In other words, action taken because the act or omission had the protected character will breach the Act.

Other recent ‘adverse action’ cases

In December last year, a Federal Court full bench overturned an order to reinstate a Victorian government solicitor who claimed he had suffered adverse action when he was dismissed while suffering depression.

The Court accepted the government’s evidence that the true reason for the solicitor’s dismissal was related to his conduct and not his depressive condition. While the solicitor argued that his conduct had been a result of his depression (eg poor punctuality and failing to meet deadlines), the Court found that there was insufficient evidence linking the conduct to the depression. There was also contrary evidence that the solicitor’s excuses to his employer for the relevant misconduct had nothing to do with his depression.

The Court reasoned that even where there is a close connection between the reason that adverse action is taken (here, the misconduct) and a prohibited reason (his mental condition), it may be possible for an employer to prove that the prohibited reason was not a factor at play.

No-one is immune

A further illustration that exercising a ‘workplace right’ does not make an employee a protected species in the context of ‘adverse action’ is the recent case of Mendonca v Chan and Naylor (Parramatta) Pty Ltd & Anor.4

In this case, a client manager for a firm of accountants, Mr Mendonca, lodged a GP claim against his employer after being dismissed for serious misconduct.

Mr Mendonca had raised bullying complaints with his employer, the Fair Work Ombudsman and WorkCover New South Wales. He also made complaints to his employer that he had been underpaid his wages and annual leave entitlements. He claimed he was dismissed because he made these complaints, and that they which constituted a ‘workplace right’.

The firm claimed the dismissal related to serious concerns about Mr Mendonca’s skills, diligence and work performance which had been discovered during a period when he was absent from work.   The firm alleged that some of Mr Mendonca’s actions had the potential to expose its clients to additional tax liabilities, fines and penalties, and also put the reputation of the business at risk.

There was no dispute that Mr Mendonca had made the complaints to the Fair Work Ombudsman and WorkCover. Accordingly, the Judge accepted that Mr Mendonca had exercised a workplace right. There was also no dispute that his dismissal amounted to adverse action.

The firm bore the onus of proving that its reasons for dismissing Mr Mendonca did not include the complaints he had made and it produced evidence of its investigation into Mr Mendonca’s file management and advice to clients.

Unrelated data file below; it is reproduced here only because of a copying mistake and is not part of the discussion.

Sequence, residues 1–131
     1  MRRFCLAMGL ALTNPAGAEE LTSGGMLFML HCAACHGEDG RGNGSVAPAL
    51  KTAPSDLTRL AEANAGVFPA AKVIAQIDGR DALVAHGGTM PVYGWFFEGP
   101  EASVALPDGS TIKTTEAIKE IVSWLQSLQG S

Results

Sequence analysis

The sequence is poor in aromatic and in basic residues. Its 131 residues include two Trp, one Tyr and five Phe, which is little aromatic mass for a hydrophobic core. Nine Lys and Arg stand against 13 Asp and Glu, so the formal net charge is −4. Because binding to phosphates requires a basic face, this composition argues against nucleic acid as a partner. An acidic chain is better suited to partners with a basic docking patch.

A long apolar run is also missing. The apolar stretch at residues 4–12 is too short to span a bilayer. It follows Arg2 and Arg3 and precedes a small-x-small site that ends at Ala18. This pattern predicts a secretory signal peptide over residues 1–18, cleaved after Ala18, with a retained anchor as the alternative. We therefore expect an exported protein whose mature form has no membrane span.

Mr Mendonca argued that to succeed in its defence his employer would have to prove not only that they thought he was guilty of serious misconduct, but that he was actually guilty of serious misconduct. 

The Judge rejected this approach saying that the question to be answered is whether the adverse action was motivated by a prohibited reason (that is, because Mr Mendonca had exercised a workplace right), not whether the firm’s conclusion about his conduct was correct.

The Judge accepted that the firm’s decision to dismiss Mr Mendonca was not motivated by his exercising of his workplace rights and the claim was dismissed.

Tips for avoiding liability

The fact that an employee has exercised a workplace right or has a protected attribute will not make unlawful any adverse action taken against them. The employee can still be the subject of disciplinary action for conduct or performance issues as long as the conduct or performance of the employee is (and can be proven to be) separate to their workplace right or protected attribute. 

The risks of GP claims arising out of dismissals are an unfortunate reality. To minimise exposure to such claims, employers need to ensure that any decision to dismiss an employee is defensible for reasons that do not include prohibited reasons. 

Employers who are managing performance or conduct issues of an employee who has exercised a workplace right should consider the following tips:

  • take appropriate steps to investigate or deal with the employee’s complaints separate to the performance or misconduct process;
  • if practicable, quarantine the decision maker in the performance/misconduct process from other matters that gave rise to the workplace right;
  • follow a process of procedural fairness to deal with the performance/misconduct issue; and
  • decision makers must exercise great care to ensure their decisions are not infected by prohibited reasons, such as a belief that an employee is a troublemaker because he or she has exercised a workplace right.